p.m. respectively.  Topic: “Swiss Genealogical Records.”

Delia Bourne
June 18 & 19, 2009--Fort Wayne, IN, PalAm German Genealogy Conference,
Allen County Public Library, 900 Library Plaza, 4:45 p.m. & 3:30 p.m.
respectively.  Topic:  “Advancing Your Research with PERSI.”

Steve Myers
June 18 & 19, 2009--Fort Wayne, IN, PalAm German Genealogy Conference,
Allen County Public Library, 900 Library Plaza, 4:45 p.m. & 3:30 p.m.
respectively.  Topic:  “Palatines Along the Hudson: Researching 18th
Century Settlers on Livingston Manor.”

Area Calendar of Events
Allen County Genealogical Society of Indiana (ACGSI)

May 13, 2009 at 7 p.m. (social time begins at 6:30 p.m.) at the Allen
County Public Library’s Main Library, 900 Library Plaza, Meeting Room
A.  Shirley Harris will present “Heritage Societies.”

Allen County-Fort Wayne Historical Society, 302 East Berry, Ft. Wayne, IN

May 3, 2009 at 2 p.m.  Dyne Pfeffenberger will present “From the
Emboyd to the Embassy: A History of Fort Wayne's Opulent Showcase."

May 9, 2009 at 2 p.m.  Jan Shupert-Arick will lecture on “The Lincoln
Highway Across Indiana” followed by a book signing.

May 23, 2009 at 1 p.m.  Memorial Day Concert in the Barr Street
Farmers Market provided by the American Legion Post 47 Band.

Driving Directions to the Library
Wondering how to get to the library?  Our location is 900 Library
Plaza, Fort Wayne, Indiana, in the block bordered on the south by
Washington Boulevard, the west by Ewing Street, the north by Wayne
Street, and the east by the Library Plaza, formerly Webster Street.
We would enjoy having you visit the Genealogy Center.

To get directions from your exact location to 900 Library Plaza, Fort
Wayne, Indiana, visit this link at MapQuest:

>From the South
Exit Interstate 69 at exit 102.  Drive east on Jefferson Boulevard
into downtown. Turn left on Ewing Street. The Library is one block
north, at Ewing Street and Washington Boulevard.

Using US 27:
US 27 turns into Lafayette Street. Drive north into downtown. Turn
left at Washington Boulevard and go five blocks. The Library will be
on the right.

>From the North
Exit Interstate 69 at exit 112.  Drive south on Coldwater Road, which
merges into Clinton Street.  Continue south on Clinton to Washington
Boulevard. Turn right on Washington and go three blocks. The Library
will be on the right.

>From the West
Using US 30:
Drive into town on US 30.  US 30 turns into Goshen Ave. which
dead-ends at West State Blvd.  Make an angled left turn onto West
State Blvd.  Turn right on Wells Street.  Go south on Wells to Wayne
Street.  Turn left on Wayne Street.  The Library will be in the second
block on the right.

Using US 24:
After crossing under Interstate 69, follow the same directions as from
the South.

>From the East
Follow US 30/then 930 into and through New Haven, under an overpass
into downtown Fort Wayne.  You will be on Washington Blvd. when you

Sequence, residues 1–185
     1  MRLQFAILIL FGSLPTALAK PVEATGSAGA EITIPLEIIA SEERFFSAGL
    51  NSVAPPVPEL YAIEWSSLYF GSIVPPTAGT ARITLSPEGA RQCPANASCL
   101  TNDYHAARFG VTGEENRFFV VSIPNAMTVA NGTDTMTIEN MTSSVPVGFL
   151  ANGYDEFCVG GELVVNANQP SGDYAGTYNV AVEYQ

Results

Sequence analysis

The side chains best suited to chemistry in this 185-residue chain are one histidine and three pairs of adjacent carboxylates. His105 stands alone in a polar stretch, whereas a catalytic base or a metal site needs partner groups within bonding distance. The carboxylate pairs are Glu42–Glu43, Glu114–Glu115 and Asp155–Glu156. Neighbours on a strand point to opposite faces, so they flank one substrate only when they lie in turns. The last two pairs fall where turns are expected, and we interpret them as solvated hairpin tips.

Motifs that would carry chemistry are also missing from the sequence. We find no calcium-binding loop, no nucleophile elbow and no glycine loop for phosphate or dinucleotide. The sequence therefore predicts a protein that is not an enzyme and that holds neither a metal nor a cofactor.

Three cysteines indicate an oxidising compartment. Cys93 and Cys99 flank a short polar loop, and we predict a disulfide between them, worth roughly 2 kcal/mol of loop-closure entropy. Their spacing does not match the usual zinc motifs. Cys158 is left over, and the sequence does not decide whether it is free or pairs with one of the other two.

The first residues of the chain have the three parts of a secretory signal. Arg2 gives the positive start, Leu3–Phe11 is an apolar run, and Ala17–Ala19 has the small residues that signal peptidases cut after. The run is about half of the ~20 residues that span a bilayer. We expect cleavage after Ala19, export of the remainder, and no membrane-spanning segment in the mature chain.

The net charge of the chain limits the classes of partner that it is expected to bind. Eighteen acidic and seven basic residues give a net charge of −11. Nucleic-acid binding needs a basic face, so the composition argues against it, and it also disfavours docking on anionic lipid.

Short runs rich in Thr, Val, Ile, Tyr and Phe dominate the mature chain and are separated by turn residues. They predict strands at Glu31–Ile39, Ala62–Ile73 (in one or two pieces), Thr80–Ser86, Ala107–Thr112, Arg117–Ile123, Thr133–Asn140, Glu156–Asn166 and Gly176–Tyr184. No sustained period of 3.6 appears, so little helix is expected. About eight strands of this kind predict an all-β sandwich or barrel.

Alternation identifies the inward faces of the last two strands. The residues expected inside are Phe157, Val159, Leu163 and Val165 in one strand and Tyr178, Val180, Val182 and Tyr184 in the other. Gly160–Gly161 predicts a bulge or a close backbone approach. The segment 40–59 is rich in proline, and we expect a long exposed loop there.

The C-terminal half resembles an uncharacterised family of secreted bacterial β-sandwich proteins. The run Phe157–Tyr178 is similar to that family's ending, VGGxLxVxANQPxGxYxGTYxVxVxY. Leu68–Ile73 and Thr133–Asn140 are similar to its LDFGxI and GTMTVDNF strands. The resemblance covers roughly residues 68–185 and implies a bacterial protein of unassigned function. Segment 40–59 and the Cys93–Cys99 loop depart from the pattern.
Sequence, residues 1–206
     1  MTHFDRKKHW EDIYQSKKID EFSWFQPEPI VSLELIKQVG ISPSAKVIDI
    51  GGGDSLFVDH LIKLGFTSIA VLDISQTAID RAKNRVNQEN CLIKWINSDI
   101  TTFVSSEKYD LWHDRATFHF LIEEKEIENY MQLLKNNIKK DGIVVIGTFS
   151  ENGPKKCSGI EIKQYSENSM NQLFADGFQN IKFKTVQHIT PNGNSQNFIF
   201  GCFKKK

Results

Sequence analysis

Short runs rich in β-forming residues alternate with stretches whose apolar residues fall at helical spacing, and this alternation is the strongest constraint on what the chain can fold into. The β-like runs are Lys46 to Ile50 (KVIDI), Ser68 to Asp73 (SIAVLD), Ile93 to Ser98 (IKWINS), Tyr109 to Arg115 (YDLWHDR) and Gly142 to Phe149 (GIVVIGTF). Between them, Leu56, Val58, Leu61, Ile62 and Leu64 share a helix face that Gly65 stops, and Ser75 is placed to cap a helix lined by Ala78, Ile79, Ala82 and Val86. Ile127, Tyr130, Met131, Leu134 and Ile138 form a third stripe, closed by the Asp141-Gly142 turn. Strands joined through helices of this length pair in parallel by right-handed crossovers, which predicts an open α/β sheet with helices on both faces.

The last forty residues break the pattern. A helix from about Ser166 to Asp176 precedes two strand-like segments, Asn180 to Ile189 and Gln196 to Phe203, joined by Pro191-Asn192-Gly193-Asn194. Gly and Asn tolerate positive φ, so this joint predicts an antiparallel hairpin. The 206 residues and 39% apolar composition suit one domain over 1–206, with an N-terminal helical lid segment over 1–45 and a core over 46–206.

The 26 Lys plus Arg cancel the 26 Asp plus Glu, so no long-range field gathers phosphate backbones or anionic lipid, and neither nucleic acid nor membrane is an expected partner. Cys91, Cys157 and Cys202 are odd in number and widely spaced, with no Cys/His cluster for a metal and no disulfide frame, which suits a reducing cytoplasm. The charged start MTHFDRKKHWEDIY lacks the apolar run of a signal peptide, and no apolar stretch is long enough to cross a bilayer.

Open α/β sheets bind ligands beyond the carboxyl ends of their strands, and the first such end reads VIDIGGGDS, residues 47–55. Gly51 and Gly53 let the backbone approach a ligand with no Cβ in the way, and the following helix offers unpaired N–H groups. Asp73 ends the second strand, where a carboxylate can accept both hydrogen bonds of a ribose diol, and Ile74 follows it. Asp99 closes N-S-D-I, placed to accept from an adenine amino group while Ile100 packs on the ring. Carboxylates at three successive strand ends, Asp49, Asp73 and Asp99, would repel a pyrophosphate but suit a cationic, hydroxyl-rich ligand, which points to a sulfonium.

get into downtown.  Library Plaza will be on the right.

Parking at the Library
At the Library, underground parking can be accessed from Wayne Street.
Other library parking lots are at Washington and Webster, and Wayne
and Webster. Hourly parking is $1 per hour with a $7 maximum. ACPL
library card holders may use their cards to validate the parking
ticket at the west end of the Great Hall of the Library. Out of county
residents may purchase a subscription card with proof of
identification and residence. The current fee for an Individual
Subscription Card is $70.

Public lots are located at the corner of Ewing and Wayne Streets ($1
each for the first two half-hours, $1 per hour after, with a $4 per
day maximum) and the corner of Jefferson Boulevard and Harrison Street
($3 per day).

Street (metered) parking on Ewing and Wayne Streets. On the street you
plug the meters 8am – 5pm, weekdays only.  It is free to park on the
street after 5pm and on the weekends.

Visitor center/Grand Wayne Center garage at Washington and Clinton
Streets. This is the Hilton Hotel parking lot that also serves as a
day parking garage.  For hourly parking, 7am – 11 pm, charges are .50
for the first 45 minutes, then $1.00 per hour.  There is a flat $2.00
fee between 5pm and 11pm.

Genealogy Center Queries
The Genealogy Center hopes you find this newsletter interesting.
Thank you for subscribing.  We cannot, however, answer personal
research emails written to the e-zine address.  The department houses
a Research Center that makes photocopies and conducts research for a

If you have a general question about our collection, or are interested
in the Research Center, please telephone the library and speak to a
librarian who will be glad to answer your general questions or send
you a research center form.  Our telephone number is 260-421-1225.  If
you’d like to email a general information question about the
department, please email: Genealogy [at] ACPL.Info.

Publishing Note:
This electronic newsletter is published by the Allen County Public
Library's Genealogy Center, and is intended to enlighten readers about
genealogical research methods as well as inform them about the vast
resources of the Allen County Public Library.  We welcome the wide
distribution of this newsletter and encourage readers to forward it to
their friends and societies.  All precautions have been made to avoid
errors.  However, the publisher does not assume any liability to any
party for any loss or damage caused by errors or omissions, no matter
the cause.

To subscribe to “Genealogy Gems,” simply use your browser to go to the
website:  www.GenealogyCenter.Info. Scroll down toward the bottom of
the first screen where it says, "Enter Your Email Address to Subscribe
to "Genealogy Gems."  Enter your email address in the yellow box and
click on "Subscribe." You will be notified with a confirmation email.

If you do not want to receive this e-zine, please follow the link at
the very bottom of the issue of Genealogy Gems you just received or
send an email to kspears [at] with "unsubscribe e-zine" in
the subject line.

Steve Myers & Curt Witcher, co-editors